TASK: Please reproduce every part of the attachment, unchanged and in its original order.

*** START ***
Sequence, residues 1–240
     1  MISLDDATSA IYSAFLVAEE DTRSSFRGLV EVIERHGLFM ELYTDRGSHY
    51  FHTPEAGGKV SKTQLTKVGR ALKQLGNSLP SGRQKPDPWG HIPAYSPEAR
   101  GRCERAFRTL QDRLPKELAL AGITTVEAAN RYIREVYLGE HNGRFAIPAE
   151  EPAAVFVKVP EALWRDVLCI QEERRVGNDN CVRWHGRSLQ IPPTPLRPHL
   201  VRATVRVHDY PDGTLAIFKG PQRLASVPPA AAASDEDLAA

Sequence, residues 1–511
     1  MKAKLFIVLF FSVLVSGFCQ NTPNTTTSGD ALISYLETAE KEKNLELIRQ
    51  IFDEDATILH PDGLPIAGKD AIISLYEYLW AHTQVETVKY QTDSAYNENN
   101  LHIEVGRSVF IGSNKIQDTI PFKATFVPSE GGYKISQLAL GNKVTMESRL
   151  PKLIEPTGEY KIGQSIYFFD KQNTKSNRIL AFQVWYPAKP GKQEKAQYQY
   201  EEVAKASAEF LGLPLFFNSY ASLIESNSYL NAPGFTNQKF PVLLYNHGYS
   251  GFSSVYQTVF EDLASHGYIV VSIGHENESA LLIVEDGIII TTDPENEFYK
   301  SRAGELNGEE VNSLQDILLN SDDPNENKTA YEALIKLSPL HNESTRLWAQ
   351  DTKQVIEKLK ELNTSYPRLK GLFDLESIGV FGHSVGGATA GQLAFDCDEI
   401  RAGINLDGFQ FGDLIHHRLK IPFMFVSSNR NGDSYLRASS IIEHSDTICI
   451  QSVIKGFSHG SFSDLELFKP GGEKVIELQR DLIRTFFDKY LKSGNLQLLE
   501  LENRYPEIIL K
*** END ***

Sequence, residues 1–240
     1  MISLDDATSA IYSAFLVAEE DTRSSFRGLV EVIERHGLFM ELYTDRGSHY
    51  FHTPEAGGKV SKTQLTKVGR ALKQLGNSLP SGRQKPDPWG HIPAYSPEAR
   101  GRCERAFRTL QDRLPKELAL AGITTVEAAN RYIREVYLGE HNGRFAIPAE
   151  EPAAVFVKVP EALWRDVLCI QEERRVGNDN CVRWHGRSLQ IPPTPLRPHL
   201  VRATVRVHDY PDGTLAIFKG PQRLASVPPA AAASDEDLAA

Sequence, residues 1–511
     1  MKAKLFIVLF FSVLVSGFCQ NTPNTTTSGD ALISYLETAE KEKNLELIRQ
    51  IFDEDATILH PDGLPIAGKD AIISLYEYLW AHTQVETVKY QTDSAYNENN
   101  LHIEVGRSVF IGSNKIQDTI PFKATFVPSE GGYKISQLAL GNKVTMESRL
   151  PKLIEPTGEY KIGQSIYFFD KQNTKSNRIL AFQVWYPAKP GKQEKAQYQY
   201  EEVAKASAEF LGLPLFFNSY ASLIESNSYL NAPGFTNQKF PVLLYNHGYS
   251  GFSSVYQTVF EDLASHGYIV VSIGHENESA LLIVEDGIII TTDPENEFYK
   301  SRAGELNGEE VNSLQDILLN SDDPNENKTA YEALIKLSPL HNESTRLWAQ
   351  DTKQVIEKLK ELNTSYPRLK GLFDLESIGV FGHSVGGATA GQLAFDCDEI
   401  RAGINLDGFQ FGDLIHHRLK IPFMFVSSNR NGDSYLRASS IIEHSDTICI
   451  QSVIKGFSHG SFSDLELFKP GGEKVIELQR DLIRTFFDKY LKSGNLQLLE
   501  LENRYPEIIL K